That’s all in this segment. I will be revisiting and updating as new realisations come. You are welcome to share and subscribe if you want to read more. You will receive no unwanted mail or newsletters or nudges from moi. Too occupied in my own pathways for any of that. Cheers. Namaste.


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The Game of Acing -why we play

This is a quick blog conceptualised and written at speed on a question that comes up time and again. It came up for discussion during one of my class and then took on a life of its own, as most things do with me. So here are my thoughts on it, anyone can as usual, form their own opinion about it.

The question started with why one should meditate and what makes them continue. I add these others as subsidiary concerns, what is the best technique, which teacher or Guru we should go to, how expensive are the courses and how long should we practice to become good at it, how flexible should I be for practicing etc etc etc.

Now I am going to replace some words in the above para and see what we get. Why should I play a sport, what is the best sport, which coach should I go to, how much investment is required for the equipment, how arduous is the practice, what level of physical fitness am I looking at etc etc etc.

Alternately, let us apply this to any other activity we want to indulge in, singing, dancing, cooking, playing an instrument…. Yes, that’s right you get the gist.

In all these activities is needed the same ingredients, training, commitment and a desire to learn, and this applies to meditation as well. Being meditation does not make it different, at least that’s my understanding from the experience of sharing a practice since over 21 years with various levels of practitioners, complete novice to adepts.

Modern usage has made meditation a mystical and esoteric field, almost as if one has to be esoteric and mystical to practice or teach it! Far from it, according to me.

“Practice the necessary means to achieve the necessary end,” I have heard my satguru Yogiraj Siddhanath repeat many a times. This practical approach is what endeared me to his teachings.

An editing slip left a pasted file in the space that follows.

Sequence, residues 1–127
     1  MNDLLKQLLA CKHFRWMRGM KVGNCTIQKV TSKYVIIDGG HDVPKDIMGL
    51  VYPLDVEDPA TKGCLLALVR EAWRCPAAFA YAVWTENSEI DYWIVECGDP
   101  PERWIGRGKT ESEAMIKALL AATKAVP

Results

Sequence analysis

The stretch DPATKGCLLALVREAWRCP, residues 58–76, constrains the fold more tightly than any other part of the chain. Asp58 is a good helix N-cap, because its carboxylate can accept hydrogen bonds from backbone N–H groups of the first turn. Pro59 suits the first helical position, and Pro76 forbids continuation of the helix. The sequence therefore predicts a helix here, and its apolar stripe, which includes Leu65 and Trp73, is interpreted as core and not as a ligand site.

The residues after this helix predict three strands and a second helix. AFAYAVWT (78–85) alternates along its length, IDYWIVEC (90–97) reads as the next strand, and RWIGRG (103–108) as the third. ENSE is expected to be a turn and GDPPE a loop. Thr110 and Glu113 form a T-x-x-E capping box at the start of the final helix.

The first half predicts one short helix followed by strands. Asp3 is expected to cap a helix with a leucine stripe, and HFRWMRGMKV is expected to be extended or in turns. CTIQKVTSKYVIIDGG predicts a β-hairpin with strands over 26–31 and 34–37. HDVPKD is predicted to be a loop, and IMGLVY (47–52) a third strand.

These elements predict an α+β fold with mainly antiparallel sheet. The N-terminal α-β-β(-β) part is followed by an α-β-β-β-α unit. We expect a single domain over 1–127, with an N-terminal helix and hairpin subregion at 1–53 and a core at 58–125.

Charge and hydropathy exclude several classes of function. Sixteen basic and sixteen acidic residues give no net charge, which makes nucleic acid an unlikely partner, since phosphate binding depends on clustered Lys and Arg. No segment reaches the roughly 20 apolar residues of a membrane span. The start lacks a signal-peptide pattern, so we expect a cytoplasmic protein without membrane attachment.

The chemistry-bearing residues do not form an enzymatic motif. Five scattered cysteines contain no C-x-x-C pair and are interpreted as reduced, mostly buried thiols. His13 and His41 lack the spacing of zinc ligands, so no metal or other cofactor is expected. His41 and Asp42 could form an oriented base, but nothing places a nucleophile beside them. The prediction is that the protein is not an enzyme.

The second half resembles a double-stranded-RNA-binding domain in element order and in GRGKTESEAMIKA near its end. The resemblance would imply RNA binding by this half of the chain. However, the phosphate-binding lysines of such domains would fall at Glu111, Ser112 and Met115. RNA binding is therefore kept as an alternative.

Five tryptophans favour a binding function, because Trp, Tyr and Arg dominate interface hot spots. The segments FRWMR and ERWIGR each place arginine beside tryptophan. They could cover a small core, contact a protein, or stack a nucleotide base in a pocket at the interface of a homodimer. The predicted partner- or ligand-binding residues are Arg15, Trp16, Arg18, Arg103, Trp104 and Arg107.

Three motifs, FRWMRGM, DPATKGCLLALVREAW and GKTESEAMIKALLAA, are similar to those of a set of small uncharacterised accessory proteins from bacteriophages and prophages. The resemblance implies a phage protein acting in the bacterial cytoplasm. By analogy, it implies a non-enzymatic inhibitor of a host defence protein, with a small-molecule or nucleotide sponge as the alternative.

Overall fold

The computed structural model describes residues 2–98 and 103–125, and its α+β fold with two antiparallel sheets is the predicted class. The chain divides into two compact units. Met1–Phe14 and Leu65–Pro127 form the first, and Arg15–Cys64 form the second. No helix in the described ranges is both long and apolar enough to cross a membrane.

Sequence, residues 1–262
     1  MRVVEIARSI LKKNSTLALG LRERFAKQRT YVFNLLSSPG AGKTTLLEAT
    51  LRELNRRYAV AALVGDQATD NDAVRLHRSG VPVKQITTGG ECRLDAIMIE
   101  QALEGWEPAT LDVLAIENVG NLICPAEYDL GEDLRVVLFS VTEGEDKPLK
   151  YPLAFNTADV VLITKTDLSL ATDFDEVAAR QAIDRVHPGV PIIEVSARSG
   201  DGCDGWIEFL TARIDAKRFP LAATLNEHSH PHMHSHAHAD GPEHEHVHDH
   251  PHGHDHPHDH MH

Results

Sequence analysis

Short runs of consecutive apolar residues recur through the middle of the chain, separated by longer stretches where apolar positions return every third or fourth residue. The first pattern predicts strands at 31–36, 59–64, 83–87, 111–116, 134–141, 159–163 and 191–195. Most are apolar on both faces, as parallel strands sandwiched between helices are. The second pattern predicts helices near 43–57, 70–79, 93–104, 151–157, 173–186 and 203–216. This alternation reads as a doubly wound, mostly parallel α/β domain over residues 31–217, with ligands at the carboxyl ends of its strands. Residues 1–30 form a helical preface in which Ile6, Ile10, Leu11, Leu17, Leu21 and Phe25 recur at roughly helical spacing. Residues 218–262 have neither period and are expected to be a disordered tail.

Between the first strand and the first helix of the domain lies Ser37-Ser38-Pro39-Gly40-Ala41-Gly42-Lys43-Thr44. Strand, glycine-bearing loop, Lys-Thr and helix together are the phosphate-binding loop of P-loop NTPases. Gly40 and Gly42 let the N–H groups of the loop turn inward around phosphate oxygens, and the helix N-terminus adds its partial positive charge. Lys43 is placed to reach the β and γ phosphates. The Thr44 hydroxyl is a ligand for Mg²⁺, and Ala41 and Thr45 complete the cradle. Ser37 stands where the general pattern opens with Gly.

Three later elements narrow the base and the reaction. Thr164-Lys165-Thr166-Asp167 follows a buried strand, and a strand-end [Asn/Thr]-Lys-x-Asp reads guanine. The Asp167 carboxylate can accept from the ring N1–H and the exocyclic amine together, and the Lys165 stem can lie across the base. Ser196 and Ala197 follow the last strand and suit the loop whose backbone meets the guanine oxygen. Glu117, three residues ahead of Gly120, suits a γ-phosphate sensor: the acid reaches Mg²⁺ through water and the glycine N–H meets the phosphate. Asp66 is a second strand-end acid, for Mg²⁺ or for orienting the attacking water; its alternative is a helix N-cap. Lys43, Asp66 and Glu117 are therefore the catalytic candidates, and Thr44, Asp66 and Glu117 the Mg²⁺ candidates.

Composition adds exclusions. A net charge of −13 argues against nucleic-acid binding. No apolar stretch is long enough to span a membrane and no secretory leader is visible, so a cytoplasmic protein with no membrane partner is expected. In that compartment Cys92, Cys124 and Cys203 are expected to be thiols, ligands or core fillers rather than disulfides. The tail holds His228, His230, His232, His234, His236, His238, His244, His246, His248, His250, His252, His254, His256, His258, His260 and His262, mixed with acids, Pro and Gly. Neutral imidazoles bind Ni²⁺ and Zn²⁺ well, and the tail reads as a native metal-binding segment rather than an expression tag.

Having set that as a perimeter let us begin, feel free to replace the word meditation with any activity of your choice and vice versa.

The Choosing of the Game

The following modes are some of the ways in which, according to me, we are led to a practice, be it spiritual, a form of sport, an art or leisure activity.

Let us begin with a hereditary inclination, the sport is already in the DNA, you are a child prodigy. All you have to do is get a bit of training and the genes take over. Even you don’t know why you are so good at this activity. You sit and you melt into meditation, no effort, you are five years old; you play an instrument or sing like you have trained for years but you are only 10. You drive a ball, in tennis or golf or cricket and the body moves in tune, you are a pro and you have just started. People around you who have been training for years look at you with awe. In yogic terms we would call such souls past life practitioners, taking off from where they left off.

Then there is the family you are born into, your elders are musicians, you are trained from birth. Just by being around grown ups who ride, play polo or chess or tennis, billiards, carrom. The Bhagavad Geeta, sanskrit mantra chanting and their meaning, the Vedas and the Upanishads are part of a daily discussion; you learn all the various traditional rituals, what flowers to use for which deity, which of the Gods are angered by what, the chants for protection, for bringing luck in exams. Your education into meditation starts at birth, you may or may not take to it but the opportunity is there. You may love it or hate it, may move to another field or flow into the already prepared field.

Often parents want to live their life through their children or want them to do what they couldn’t do as kids, did not have the opportunity, nobody cared to teach them, whatever. Or they are pursuing a hobby and take you along. So here is a yoga teacher next door, a music academy, a paatu maami (music teachers, female) who comes home to teach. Sometimes you chafe at this but slowly you develop an interest and love for the teaching, the instrument or sport. Reluctance gives way to a fondness for it, you like sitting in silence, to watch your breath. While the same sport or practice may just leave others unaffected or unimpressed by the activity.